Illinois House Speaker Mike Madigan’s spokesman, Steve Brown, has repeatedly implied that Illinois insurance companies are hoarding cost savings. However, this couldn't be happening unless insurance companies were colluding in violation of the principle of antitrust laws, and there's no evidence they are. Illinois trial lawyers have echoed Brown's sentiments, but they don't seem to see evidence of antitrust violations either given that they haven't brought lawsuits against insurance companies for violating federal antitrust law.
One of the great hurdles to achieving substantive and meaningful workers’ compensation reform is getting both sides to recognize basic facts about Illinois’ system. In the past, Illinois Senate President John Cullerton has made numerous statements about workers’ compensation that were either self-contradictions or outright falsehoods revealing that Cullerton either didn’t understand Illinois’ workers’ compensation system or was willfully promoting half-truths for political purposes. And now Illinois House Speaker Mike Madigan’s spokesman Steve Brown has joined the fray – countering calls for reform with more myths that crumble under analysis.
Brown has blamed the high cost of workers’ compensation in Illinois on insurance companies’ refusal to pass along savings to businesses, according to reports in The (Springfield) State Journal-Register and Crain’s Chicago Business. This accusation reveals an ignorance of economics and, carried to its logical conclusion, would mean Illinois has an OPEC-like cartel of insurers colluding to fix prices above market rates, to the detriment of their customers.
One serious problem with Brown’s claim is that what he is alleging couldn’t be happening unless insurance companies were colluding in violation of the spirit of antitrust laws, and there’s no evidence that they are. If such collusion existed it would mean that 332 insurance companies in Illinois are working together to violate the principle of federal antitrust law, from which the business of insurance is admittedly exempt. However, such evidence of collusion and price-gouging has never been presented. The trial bar simply says that workers’ compensation costs are high because insurers are gouging customers. It makes no logical sense.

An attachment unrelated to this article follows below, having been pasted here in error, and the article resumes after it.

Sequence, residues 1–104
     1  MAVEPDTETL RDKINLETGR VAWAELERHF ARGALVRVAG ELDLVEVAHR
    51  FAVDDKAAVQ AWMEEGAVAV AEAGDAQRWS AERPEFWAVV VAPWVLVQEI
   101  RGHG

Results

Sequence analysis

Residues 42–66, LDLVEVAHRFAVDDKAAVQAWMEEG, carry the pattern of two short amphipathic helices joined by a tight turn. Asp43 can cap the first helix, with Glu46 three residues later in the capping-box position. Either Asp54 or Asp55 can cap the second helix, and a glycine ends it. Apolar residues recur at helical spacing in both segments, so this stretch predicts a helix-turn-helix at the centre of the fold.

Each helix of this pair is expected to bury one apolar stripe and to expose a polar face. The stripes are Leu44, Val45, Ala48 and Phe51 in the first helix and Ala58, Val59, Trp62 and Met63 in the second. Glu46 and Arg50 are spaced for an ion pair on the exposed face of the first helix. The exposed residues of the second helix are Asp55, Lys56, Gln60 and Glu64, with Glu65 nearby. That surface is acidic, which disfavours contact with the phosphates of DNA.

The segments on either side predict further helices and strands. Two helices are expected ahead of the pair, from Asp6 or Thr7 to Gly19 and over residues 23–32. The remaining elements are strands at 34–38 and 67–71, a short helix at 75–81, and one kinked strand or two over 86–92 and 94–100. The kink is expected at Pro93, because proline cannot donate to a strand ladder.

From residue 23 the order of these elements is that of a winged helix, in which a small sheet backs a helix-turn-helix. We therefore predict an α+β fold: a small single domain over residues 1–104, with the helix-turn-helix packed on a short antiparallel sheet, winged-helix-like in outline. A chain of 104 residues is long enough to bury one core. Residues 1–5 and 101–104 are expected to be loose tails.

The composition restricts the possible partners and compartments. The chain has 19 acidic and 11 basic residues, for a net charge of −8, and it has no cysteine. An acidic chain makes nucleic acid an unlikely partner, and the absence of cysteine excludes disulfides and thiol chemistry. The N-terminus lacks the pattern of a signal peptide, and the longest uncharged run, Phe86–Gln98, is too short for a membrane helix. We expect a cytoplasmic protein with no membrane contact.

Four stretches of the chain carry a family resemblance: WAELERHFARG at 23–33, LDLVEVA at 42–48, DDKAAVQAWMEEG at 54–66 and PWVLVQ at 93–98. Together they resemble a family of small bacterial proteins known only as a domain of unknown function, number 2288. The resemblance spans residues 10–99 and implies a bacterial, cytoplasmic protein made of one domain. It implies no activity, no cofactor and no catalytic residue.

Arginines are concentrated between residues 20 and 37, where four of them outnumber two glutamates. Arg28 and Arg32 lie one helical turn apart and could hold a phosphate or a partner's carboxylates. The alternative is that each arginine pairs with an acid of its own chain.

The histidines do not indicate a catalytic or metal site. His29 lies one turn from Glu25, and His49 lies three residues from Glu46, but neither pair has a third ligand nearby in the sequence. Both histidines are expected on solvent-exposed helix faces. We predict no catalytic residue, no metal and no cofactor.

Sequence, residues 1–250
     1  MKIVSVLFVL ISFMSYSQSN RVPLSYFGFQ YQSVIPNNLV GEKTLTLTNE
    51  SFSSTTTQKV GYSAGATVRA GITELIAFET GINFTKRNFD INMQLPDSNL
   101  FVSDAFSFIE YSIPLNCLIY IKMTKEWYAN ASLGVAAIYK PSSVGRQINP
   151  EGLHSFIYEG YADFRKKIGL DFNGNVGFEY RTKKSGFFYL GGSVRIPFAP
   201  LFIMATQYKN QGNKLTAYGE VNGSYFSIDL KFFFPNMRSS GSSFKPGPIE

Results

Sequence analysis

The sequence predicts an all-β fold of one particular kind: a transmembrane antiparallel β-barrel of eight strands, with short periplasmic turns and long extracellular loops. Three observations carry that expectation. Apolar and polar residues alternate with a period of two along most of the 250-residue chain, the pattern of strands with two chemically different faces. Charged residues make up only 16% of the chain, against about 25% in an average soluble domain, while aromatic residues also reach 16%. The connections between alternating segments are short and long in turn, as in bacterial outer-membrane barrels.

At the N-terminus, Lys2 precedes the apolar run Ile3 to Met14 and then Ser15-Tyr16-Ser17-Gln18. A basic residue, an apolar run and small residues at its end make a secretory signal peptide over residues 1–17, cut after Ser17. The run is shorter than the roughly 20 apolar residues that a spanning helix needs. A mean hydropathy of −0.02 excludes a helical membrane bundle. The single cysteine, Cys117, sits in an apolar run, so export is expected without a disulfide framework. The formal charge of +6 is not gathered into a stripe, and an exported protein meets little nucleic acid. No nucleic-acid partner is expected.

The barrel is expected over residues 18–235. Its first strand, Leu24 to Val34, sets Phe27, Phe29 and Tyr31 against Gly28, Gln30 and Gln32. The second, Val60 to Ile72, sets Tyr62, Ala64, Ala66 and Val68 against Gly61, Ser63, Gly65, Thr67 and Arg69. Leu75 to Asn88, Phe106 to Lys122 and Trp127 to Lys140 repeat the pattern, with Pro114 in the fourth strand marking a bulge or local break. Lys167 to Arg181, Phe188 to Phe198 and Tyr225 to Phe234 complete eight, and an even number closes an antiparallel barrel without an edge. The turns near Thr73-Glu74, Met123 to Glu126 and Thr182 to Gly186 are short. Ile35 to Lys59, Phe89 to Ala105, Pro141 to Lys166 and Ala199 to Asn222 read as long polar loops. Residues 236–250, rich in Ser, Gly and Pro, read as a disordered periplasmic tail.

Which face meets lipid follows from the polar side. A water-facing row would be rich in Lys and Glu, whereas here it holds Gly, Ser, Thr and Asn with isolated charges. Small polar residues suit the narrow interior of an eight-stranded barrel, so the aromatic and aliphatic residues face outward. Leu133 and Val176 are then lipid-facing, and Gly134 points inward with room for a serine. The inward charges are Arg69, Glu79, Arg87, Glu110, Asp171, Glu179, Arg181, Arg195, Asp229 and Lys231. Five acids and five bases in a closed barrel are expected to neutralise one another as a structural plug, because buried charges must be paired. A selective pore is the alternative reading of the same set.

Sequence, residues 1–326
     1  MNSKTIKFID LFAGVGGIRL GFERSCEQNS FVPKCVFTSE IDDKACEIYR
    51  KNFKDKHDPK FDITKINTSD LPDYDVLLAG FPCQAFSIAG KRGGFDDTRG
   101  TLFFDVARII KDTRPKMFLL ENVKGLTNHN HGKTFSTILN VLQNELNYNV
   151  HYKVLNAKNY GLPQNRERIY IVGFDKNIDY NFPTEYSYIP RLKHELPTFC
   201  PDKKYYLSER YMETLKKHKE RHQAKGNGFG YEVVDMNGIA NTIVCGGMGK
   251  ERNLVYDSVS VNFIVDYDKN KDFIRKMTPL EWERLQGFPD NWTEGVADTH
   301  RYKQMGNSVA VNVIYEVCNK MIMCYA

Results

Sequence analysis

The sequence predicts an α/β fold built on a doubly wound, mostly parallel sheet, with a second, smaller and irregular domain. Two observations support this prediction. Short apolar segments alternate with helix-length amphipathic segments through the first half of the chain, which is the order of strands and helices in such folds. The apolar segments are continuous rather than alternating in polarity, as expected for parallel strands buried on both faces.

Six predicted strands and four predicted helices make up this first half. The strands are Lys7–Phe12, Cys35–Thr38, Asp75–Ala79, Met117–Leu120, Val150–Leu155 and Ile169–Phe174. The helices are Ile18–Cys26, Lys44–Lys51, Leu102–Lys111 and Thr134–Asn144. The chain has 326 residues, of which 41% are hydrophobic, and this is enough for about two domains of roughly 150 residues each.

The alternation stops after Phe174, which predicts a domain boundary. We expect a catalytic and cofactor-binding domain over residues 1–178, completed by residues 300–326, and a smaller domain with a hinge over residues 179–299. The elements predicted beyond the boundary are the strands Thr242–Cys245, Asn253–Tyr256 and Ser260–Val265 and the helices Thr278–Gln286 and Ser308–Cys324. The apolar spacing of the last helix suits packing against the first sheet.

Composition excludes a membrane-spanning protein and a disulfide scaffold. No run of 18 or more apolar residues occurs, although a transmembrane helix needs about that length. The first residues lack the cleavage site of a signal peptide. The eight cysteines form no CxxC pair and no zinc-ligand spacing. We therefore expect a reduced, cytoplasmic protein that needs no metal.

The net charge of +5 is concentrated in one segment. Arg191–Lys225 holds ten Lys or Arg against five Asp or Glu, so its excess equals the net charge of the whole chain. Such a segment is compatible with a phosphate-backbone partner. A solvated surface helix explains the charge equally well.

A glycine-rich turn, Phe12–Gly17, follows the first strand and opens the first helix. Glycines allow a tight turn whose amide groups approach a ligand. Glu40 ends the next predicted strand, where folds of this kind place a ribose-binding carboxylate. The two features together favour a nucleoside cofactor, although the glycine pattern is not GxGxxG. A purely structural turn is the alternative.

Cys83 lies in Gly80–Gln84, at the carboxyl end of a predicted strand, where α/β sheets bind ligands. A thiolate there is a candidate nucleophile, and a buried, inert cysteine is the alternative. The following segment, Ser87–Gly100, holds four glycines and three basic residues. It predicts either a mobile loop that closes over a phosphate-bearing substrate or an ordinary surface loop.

In fact, the profit rate of Illinois workers’ compensation insurers has been consistently below the nationwide average for every year of the last five years, meaning that competition is likely keeping profit rates lower in Illinois than elsewhere. If there were collusion as the trial bar alleges, then Illinois insurers should be achieving unusually high profit rates.
On the contrary, overwhelming circumstantial evidence against the existence of any such insurance collusion in Illinois exists:
- Illinois has a competitive workers’ compensation insurance market, with 332 companies currently writing workers’ compensation insurance in the state. That’s more insurers than exist in any other state. More competitors mean more competition: It is simply unbelievable that 332 rivals would collude to fix prices.
- The profit motive drives businesses to compete and enter new markets. If all Illinois insurers agreed to fix prices above market rates, out-of-state insurance companies would flood into Illinois and open up new branches in the Land of Lincoln in order to make money writing insurance at lower but still-profitable rates.